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Investment Opportunities

Investment Opportunities

In 1888, the colonial government of the Gold Coast sent sample wood from the colony to England for tests on their working properties as industrial and construction timber.

Following the favourable results from the tests, the government exported 3,360 cubic metres of Mahogany in 1881 and 84,900 cubic metres in 1913. Since those times, the development and management of Ghana’s forest resource base have focused on forest conservation, plantation development and timber exports, much to the near-neglect of wildlife management for eco-tourism development.

Although the Forest and Wildlife Development Master Plan, crafted more than a decade-and-half ago, attempts to seek equitable attention for the wildlife sector, that quest has not been vigorously pursued, resulting in the continual over-dependence on plantations, natural forests and timber exports for revenue generation from the forestry sector. It is, largely to address this imbalance and tap the resource generation potential of the wildlife sector, especially, in eco-tourism, that the Forestry Commission will transform the Achimota Forest into an ecological enclave – the Achimota Eco-tourism Project.


Achimota Forest In Perspective

The Achimota Forest (AF) was gazetted in July 1930 to create a green buffer between the Achimota School and the city of Accra and to provide cheap fuel for the School. Those initial objectives changed with time to the provision of Nature Reserve, Recreation Park and Nature Study Facilities for children, students and researchers. The Forest is three-hundred and sixty (360) hectares with an arboretum, a zoo and spiritual retreat enclaves, which are privately sponsored.

Presently, as an eco-tourism centre, the Achimota Forest attracts twenty thousand visitors and generates US$60,000 annually. These statistics compare oddly to those of the Nairobi National Park (NNP) in Kenya, which attracts ninety-six thousand (96,000) visitors and generates US$8 million, annually although the two have some comparable characteristics. Both are ‘Big City Parks with easy access for potential visitors; both are subject to increasing encroachment pressures and both are state-owned.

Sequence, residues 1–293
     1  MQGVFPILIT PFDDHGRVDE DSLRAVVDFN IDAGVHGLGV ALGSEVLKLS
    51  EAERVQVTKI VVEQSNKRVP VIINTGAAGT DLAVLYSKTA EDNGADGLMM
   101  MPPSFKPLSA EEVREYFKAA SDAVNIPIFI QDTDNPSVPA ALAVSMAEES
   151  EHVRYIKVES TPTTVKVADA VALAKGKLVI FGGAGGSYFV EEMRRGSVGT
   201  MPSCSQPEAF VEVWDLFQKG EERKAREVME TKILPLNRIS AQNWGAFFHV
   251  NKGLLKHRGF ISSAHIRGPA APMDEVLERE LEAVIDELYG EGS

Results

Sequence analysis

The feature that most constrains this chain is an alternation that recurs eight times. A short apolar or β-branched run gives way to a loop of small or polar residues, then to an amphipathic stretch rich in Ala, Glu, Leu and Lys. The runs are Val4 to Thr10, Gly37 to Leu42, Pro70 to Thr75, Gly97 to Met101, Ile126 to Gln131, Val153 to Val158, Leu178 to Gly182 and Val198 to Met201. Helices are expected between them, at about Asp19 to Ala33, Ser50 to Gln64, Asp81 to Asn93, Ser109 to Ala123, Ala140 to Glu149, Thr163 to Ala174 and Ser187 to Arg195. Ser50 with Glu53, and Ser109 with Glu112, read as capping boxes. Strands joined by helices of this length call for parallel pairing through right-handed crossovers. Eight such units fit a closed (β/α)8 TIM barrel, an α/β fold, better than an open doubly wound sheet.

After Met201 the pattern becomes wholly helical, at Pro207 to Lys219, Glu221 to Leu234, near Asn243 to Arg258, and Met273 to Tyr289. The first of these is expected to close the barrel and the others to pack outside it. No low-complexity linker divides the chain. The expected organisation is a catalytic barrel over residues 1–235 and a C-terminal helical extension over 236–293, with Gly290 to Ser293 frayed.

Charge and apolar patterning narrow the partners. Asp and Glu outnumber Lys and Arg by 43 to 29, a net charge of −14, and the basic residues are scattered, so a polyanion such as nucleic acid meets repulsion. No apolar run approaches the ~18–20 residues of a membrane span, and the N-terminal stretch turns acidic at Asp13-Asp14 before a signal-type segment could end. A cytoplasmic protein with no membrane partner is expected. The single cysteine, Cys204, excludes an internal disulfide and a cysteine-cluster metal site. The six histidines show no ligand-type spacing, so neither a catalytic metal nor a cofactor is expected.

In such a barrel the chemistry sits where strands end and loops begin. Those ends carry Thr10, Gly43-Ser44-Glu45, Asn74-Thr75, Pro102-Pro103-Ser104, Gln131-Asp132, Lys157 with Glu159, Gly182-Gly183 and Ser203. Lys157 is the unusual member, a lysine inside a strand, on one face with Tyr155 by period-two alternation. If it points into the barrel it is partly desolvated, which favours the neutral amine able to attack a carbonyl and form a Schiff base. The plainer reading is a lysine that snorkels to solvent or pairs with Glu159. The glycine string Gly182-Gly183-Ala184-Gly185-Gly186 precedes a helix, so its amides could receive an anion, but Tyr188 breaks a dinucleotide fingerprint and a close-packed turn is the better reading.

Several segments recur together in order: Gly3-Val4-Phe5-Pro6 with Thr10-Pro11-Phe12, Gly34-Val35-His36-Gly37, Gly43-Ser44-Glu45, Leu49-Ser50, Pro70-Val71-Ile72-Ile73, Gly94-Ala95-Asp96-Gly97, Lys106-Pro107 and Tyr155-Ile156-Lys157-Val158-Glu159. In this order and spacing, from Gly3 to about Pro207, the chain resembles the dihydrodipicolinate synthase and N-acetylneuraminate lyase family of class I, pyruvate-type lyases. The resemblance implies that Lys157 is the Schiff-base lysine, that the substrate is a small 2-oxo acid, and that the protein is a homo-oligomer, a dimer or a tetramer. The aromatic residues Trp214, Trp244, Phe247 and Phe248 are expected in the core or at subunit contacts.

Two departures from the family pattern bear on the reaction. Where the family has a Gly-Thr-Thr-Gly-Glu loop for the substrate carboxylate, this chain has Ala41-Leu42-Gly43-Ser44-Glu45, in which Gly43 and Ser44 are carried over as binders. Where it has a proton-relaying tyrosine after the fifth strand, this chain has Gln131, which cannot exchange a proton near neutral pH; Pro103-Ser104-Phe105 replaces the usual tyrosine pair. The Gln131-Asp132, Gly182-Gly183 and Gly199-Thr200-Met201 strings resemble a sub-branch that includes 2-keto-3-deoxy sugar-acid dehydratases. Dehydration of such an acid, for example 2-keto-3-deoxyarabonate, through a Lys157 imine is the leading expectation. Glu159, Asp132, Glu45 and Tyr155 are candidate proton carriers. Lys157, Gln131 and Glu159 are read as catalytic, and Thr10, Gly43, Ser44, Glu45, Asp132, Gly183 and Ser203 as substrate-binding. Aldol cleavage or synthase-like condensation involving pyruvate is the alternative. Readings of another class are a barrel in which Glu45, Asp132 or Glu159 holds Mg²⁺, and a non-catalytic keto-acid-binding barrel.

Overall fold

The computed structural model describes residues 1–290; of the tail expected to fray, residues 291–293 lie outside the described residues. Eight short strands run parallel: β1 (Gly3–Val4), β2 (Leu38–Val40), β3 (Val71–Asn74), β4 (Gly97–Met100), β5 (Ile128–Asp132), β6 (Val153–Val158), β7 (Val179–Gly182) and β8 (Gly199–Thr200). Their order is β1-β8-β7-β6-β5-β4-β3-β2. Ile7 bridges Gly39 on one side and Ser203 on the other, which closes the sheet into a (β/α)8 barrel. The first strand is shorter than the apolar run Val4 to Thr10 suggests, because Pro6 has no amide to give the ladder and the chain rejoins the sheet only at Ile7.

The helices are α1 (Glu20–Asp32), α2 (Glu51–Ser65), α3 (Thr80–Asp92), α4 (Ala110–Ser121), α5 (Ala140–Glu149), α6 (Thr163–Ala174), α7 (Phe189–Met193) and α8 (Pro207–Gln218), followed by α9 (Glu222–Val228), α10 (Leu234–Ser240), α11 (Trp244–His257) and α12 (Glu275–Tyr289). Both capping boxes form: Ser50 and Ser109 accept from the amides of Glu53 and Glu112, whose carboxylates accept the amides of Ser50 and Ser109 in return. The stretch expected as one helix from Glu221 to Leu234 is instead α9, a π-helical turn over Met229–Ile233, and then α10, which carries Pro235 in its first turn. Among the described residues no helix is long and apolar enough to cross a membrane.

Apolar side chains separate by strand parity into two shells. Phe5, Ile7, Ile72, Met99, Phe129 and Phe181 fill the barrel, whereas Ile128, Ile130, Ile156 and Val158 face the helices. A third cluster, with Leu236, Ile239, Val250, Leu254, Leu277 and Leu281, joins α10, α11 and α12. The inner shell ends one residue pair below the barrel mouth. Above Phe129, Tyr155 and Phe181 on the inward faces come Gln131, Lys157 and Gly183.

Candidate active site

However, the NNP is 117 kilometers with 400 recorded fauna species as compared to the Achimota Forest, which has 3.6 kilometers and few species, which hardly generate any keen interest among tourists. Indeed the NNP is well developed, in terms of infrastructure, fauna holding and its diversity, government commitment and civil society involvement. It is, therefore, imperatively apt that the FC adopts, adapts and replicate some basics in the success story of the NNP for the Achimota Eco-Tourism Park.


Funding The Chief Executive of the FC identifies funding as crucial even as the spectrum of sources is wide and diverse. The major challenge could be funding and a project of such magnitude will require massive capital injection, he acknowledges and explains that the FC shall seek funding from both traditional and non-traditional sources, both local and sometime foreign, depending on the exigencies of the situation, to fund the Project. Alhaji Dauda shares this view: I take this opportunity to invite investors, both local and external, to take advantage of this project. Notwithstanding its private-sector funding of the Project, the Forestry Commission may have to liaise with the central government and resort to its Internally Generated Funds as well donor support for the project. The development partners of the Ministry of Lands and Natural Resources/FC, especially the European Union, have been extremely helpful and have shown keen interest, through the Wildlife Sector Development Project and other similar interventions, in the development of the wildlife sector of Ghanas forest resource base. Hopefully, they are willing and able to continue with that gesture Secondly, Public-Private Partnership arrangements, accessing the capital market and the Banks are other potential sources of funding for the project. The FC envisions the active participation of local entrepreneurs and businesses in the Project, which it sees, not only as mitigating the adverse effect of age-old imbalance in the forest sector but also the commencement of the general overhaul of the wildlife sector in Ghana. In situating the importance of the Project in a broader context of forest resources development in Ghana, the Environmental Specialist of the Royal Netherlands Embassy in Accra, His Excellency Ton Van Der Zon sees the Eco-Park as very important in the future role of the forest in view of integrity of bio-diversity and income generation of the Wildlife Division. Conclusion The Achimota Eco-Park is full of promise and requires broad-based support for its implementation and success. The Ministry of Lands and Natural Resources, just like the Forestry Commission, is unequivocal on this and Honourable Alhaji Dauda puts it more passionately: I am offering my personal commitment to this Project to ensure that it succeeds. Certainly, we will win in this Project and the government will go along with it. Undoubtedly, the FC will need the patronage and support of the public to succeed.
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